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How to Dig Up a Lilac Bush

By G.K. Bayne ; Updated September 21, 2017
Early summer blooms on a lilac bush.

Transplanting lilac bushes is best performed in the early spring before any leaf growth or late fall just after leaf drop. When digging up a lilac bush, a large root ball must accompany the bush for best results and survival. Before removing the bush, you should prepare a new hole ahead of time, as the roots will not tolerate much time being exposed to the outside elements. This might cause the roots to dry out and damage the upper branches. The condition might lessen the chance of survival for the transplanted bush.

Use the shovel and dig the new hole in which the lilac bush will be planted. Most lilac bushes will require a root ball of at least 36 inches in diameter with a depth of 18 inches to 24 inches. It is better to dig a larger hole than is needed. Mound the soil to the far side of the new hole. This will allow for easy access when setting the lilac bush into the ground.

Dig a ring trench around the lilac bush about 36 inches in diameter. Make the trench to a depth of 18 inches to 24 inches. Force the sharp end of the shovel under the roots of the bush. Sever any remaining roots with clean cuts from the shovel.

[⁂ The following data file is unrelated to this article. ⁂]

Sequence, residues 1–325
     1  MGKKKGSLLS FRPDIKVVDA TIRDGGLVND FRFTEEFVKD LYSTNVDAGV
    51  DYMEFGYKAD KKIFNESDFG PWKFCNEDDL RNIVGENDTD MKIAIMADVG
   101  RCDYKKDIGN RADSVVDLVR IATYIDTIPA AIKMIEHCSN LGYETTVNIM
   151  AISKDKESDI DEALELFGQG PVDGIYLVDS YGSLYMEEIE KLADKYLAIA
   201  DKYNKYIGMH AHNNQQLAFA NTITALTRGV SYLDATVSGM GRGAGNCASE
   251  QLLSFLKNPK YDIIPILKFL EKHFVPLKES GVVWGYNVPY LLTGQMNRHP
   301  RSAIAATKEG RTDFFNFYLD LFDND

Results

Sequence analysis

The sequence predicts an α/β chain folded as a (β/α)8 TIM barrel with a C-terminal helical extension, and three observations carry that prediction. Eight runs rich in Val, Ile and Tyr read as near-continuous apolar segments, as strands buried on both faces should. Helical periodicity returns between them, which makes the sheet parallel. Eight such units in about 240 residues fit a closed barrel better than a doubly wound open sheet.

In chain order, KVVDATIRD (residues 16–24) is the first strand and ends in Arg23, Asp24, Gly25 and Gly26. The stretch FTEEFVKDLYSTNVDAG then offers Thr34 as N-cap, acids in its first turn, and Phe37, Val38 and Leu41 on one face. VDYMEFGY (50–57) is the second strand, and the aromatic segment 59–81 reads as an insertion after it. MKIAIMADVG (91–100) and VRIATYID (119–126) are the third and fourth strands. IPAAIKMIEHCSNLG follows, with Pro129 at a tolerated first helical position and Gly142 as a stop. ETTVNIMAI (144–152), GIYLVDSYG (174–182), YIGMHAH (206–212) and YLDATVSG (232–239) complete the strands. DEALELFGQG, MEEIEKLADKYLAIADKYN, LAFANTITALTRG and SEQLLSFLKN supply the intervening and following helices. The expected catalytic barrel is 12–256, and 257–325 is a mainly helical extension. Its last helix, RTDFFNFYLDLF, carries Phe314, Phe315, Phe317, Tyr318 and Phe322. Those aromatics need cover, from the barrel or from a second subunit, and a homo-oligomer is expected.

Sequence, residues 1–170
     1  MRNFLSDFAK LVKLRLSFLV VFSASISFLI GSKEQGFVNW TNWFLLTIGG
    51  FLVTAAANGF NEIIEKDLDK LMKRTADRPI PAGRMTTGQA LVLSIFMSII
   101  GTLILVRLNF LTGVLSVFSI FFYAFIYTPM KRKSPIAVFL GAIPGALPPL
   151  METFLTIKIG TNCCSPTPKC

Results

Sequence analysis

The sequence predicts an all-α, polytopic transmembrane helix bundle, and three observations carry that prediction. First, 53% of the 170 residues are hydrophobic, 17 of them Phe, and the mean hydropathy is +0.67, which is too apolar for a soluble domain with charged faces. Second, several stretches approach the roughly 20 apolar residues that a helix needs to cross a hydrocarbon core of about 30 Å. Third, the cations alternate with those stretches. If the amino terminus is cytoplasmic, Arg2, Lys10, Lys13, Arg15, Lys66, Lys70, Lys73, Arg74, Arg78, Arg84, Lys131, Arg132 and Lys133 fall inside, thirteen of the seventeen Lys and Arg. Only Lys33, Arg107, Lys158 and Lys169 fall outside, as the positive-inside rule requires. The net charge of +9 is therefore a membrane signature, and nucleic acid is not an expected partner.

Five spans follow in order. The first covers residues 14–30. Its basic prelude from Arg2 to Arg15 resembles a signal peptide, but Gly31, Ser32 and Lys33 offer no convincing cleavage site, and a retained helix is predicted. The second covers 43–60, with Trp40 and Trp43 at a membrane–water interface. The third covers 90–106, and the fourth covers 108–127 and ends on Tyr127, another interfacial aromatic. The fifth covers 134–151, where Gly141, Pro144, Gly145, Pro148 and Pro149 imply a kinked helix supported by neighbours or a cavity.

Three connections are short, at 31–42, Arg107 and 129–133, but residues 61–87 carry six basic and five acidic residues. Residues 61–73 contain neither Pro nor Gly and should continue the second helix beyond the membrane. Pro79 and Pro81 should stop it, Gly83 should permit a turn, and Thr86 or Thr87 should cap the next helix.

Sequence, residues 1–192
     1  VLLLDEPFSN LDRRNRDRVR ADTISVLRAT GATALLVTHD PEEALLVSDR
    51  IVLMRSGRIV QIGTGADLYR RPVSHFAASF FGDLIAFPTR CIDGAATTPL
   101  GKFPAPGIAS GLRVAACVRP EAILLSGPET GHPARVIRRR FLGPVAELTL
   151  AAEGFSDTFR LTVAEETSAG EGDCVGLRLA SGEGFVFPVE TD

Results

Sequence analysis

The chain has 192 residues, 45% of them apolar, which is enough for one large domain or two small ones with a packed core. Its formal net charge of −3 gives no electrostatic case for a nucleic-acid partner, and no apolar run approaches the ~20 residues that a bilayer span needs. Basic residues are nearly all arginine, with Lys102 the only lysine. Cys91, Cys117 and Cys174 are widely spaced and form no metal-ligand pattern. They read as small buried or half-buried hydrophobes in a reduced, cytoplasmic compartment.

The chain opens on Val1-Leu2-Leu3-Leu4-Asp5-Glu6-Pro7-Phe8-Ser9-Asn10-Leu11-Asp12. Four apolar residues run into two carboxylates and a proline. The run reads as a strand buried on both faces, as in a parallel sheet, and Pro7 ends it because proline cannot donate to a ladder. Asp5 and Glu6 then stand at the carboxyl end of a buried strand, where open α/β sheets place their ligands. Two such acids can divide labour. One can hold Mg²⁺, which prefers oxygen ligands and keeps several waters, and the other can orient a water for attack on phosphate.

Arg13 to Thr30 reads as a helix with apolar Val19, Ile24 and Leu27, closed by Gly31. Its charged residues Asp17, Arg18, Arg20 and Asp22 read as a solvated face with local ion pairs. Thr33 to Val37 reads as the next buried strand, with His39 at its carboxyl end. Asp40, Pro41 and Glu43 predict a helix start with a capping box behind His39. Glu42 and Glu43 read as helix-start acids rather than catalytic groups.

Pry the root ball away from the soil. You might need some assistance to lift the root ball out of the ground.

Lay the tarp next to the excavated hole of the lilac bush. Lift the root ball and bush from the hole. Place it on the tarp. Drag the tarp to the new hole for the lilac bush.

Set the root ball of the bush into the hole. Place the bush so the best side of the plant shows outward to the yard.

Backfill soil around the root ball of the plant. Use your hands to tamp the soil around the roots every 6 inches of soil addition. Continue with this process until the soil is even with the surrounding ground.

Water the soil at the base of the lilac bush with plenty of water from the garden hose. This will remove any air that might have been trapped around the roots.


Things You Will Need

  • Shovel
  • Tarp
  • Garden hose


  • Consult your local agricultural extension service for any particular transplanting methods for your climate and area. Some shrubs and bushes can tolerate mid-winter planting depending on the temperature and annual rainfall.
  • Some regulating agencies might require you to identify any underground utilities before digging in your yard. Consult local regulations so you do not hit an underground power wire or water line.